Reputation and Role Models:
R.W. Bro. N. Nagrodski, D. D. G. M. Ottawa 2
(the following paper, extracted from various on-line sources, was presented to Cobden Masonic Lodge on the occasion of the DDGM’s Official Visit, March 13, 2018 – and reprinted in the Beacon Blog from the Sunday Masonic Papers, April 1, 2018)
Good evening, Brethren.
To-night I’d like to talk about reputation and role models.
I think one thing that was stressed time and time again to young men of my generation (the Baby Boomers) was the importance of building a good reputation. We quickly came to realize that it’s hard work, in fact, a never-ending task, as your reputation is the public reflection of your character.
- It is what other people see and come to believe about you.
- It’s based on what you do.
- It’s based on what you say.
- It’s based on how you act.
- It’s based on how you treat other people, and
- how you make other people feel.
There are few things more important than reputation when it comes to our success, or our failure as a person. It can take years to build a good reputation and as we’ve recently seen in the media, it can take mere seconds to destroy it. It is something we should be very deliberate about building and very careful about protecting because it is the essence of who we are. And as we’ve also recently observed, it’s very difficult, if not impossible, to rebuild a reputation after it has become tarnished or blackened.
Now, it’s likely that you’ve heard some people say: “I don’t deserve the reputation I have”; but sadly, it’s rarely ever true. You see, you probably do have a few people in your life who have a negative opinion of you. Everyone does. But your reputation is what most people, who know you, think of you. If you have a reputation of being opinionated and outspoken, chances are that you’re opinionated and outspoken. If you have a reputation for being undependable, probably you’re undependable. Some people might think that it’s unfair—but reputation is based on a very sound principle. It’s based on your past behavior and any employer or supervisor will tell you that the best predictor of future behavior is past behavior.
Occasionally, you’ll hear others say: “I’m going to say what I want to say and do what I want to do and I don’t really care what anybody thinks.” Probably, they think that it sounds very tough and defiant, but if you consider it for a moment, it’s actually a pretty selfish attitude to have. That outlook shows a complete lack of care or concern for other people – specifically those who care about them. Your reputation reflects on you, sure, but you don’t think it also reflects on your spouse? Your kids? Your family? Your community? Your employer? Your fraternity?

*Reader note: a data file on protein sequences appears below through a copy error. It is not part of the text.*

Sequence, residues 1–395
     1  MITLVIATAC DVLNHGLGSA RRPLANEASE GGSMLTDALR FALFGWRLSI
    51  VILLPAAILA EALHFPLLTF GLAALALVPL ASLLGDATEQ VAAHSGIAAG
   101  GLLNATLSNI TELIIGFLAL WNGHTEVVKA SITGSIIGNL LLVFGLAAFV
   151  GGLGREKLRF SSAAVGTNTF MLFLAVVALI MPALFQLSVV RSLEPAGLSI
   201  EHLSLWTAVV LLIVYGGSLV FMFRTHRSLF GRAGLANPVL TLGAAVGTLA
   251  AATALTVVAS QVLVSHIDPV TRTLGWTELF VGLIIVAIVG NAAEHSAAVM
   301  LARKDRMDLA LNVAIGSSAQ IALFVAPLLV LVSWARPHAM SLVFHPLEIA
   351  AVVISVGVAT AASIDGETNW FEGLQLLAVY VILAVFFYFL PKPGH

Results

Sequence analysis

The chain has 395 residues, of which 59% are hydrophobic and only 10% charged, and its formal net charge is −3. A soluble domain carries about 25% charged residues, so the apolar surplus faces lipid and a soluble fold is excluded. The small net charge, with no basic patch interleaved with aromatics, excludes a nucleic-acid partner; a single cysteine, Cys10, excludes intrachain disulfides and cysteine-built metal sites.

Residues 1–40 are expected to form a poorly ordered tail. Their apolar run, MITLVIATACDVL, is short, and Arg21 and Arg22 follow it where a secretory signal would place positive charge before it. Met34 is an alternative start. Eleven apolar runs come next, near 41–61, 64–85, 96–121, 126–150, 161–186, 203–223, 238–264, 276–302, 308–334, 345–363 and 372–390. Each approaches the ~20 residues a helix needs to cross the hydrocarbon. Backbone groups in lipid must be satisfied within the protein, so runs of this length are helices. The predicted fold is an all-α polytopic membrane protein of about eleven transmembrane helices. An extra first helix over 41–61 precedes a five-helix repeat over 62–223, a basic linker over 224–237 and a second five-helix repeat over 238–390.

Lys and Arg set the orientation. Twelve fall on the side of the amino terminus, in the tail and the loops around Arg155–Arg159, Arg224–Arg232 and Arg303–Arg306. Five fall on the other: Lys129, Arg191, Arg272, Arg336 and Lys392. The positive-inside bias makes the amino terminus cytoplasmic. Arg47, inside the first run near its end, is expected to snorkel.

I’m sure that you’ve never heard anybody say, “she’s a real nice lady, but her husband is a real jerk.” And you’ve never heard somebody say, “I don’t know why he hangs around with that guy—he’d steal the shirt right off your back.” Of course you have. That’s because your actions affect everyone else around you, whether that’s your intention or not.
So, building a solid reputation is hard work, because it requires an amazing amount of self discipline; sadly something that seems to be in very short supply these days.
- It requires us to learn from our mistakes and not continue to repeat them—these are the hard lessons that will eventually mature into wisdom.
- It requires us to learn when it is important for us to speak and when it’s better to remain silent.
- It requires us to listen to others and to respect their point of view.
- It requires us to admit when we are wrong and to apologize when it’s appropriate.
- It requires us to be truthful and honest in all of our dealings.
- It requires us to do the things we say we’re going to do regardless of how difficult the task may be.
Unfortunately, men of good reputation and solid character used to be much more common, than they are today. Not only does our modern society notteach the necessary values and virtues anymore, but nowadays, concern about one’s reputation and character is seen as rather quaint, old-fashioned and definitely belonging to a long past era. Our society has become totally focused inward on ourselves and our own self-centered needs. It has been observed that, for the most part, we’ve now become a society of grown children, fighting and arguing on social media just like children used to fight and argue on the playground. Many young people of our society have never grown up and become real adults, because they haven’t had the proper role models to influence and guide their behaviour. And just like children, they don’t think about what they’re saying, and they don’t think about what their words and actions are saying about themselves.